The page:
String follow and gaffle

Standard

No problem about turning to notes and references in this one, because there aren’t any.  It feels as if the book’s origin lies in a collection of slowly accumulated notes, in which the courtesy of accurate referencing was unconsidered until it was far too late to reconstruct the author’s sources.  On the plus side, this gives it a personal and slightly fugitive air.  And at least he can spell mediaeval.

The absence of a glossary presents a challenge to the reader, especially as the collaged quality of the text includes the use of specialist terms many pages before the author indicates their meaning (or occasionally never defines them at all).  This is quite a good deduction game for word-fanciers.   Even more tricky is visualising the complicated manoeuvres of, say, whipping and looping bow strings, although diagrams are added to verbal descriptions.

The moments of personal reminiscence were engaging:

I well recall the months of strain and struggle to master the [replica Mary Rose] bow and eventually, at the very limit of my strength, managed to draw some 95lbs at around 28 inches … I was definitely overbowed and doubtless set my shooting form back several years … drawing and loosing this bow gave the feeling of being caught in an earthquake …  (p 73)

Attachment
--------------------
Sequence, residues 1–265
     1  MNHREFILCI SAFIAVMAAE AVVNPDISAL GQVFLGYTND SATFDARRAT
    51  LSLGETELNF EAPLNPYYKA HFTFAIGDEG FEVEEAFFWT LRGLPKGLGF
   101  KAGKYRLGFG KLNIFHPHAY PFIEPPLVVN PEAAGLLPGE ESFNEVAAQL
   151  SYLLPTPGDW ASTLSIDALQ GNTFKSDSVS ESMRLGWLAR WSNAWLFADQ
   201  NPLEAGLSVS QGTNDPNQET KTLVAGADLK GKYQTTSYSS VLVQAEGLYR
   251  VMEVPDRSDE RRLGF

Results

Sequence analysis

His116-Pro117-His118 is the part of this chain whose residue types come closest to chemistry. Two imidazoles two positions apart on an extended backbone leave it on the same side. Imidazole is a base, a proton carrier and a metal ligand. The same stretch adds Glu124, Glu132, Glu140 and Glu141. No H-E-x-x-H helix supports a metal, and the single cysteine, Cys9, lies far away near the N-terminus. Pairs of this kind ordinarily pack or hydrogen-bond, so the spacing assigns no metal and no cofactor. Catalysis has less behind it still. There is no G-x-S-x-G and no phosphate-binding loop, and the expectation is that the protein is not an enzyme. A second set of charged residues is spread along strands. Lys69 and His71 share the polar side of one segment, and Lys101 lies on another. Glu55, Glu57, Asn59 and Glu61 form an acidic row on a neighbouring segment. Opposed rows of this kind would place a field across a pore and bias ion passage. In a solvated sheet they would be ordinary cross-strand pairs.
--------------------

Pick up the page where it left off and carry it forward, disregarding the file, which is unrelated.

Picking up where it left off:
It’s also interesting to learn of the work done by modern archers to repeat the reported performances of mediaeval archers, using replica bows; the modern archers are at a disadvantage as they have not been physically developed since childhood to use a heavy bow.  Some archers have reproduced remarkable feats of shooting distance and accuracy.  Roth notes drily that some of these shots may be lucky – lucky shots do occur, although mostly for excellent archers.  (p 158)

I am, of course, entirely ignorant of practical archery, but it did remind me of another wood-and-missile-related discipline:  the mysteries of knocking in and splices and sweet spots; Chinamen and the back of the hand; giving air and seaming; offs, ons, legs and squares; and the rest of cricket’s paraphernalia.  Ah, these rituals!

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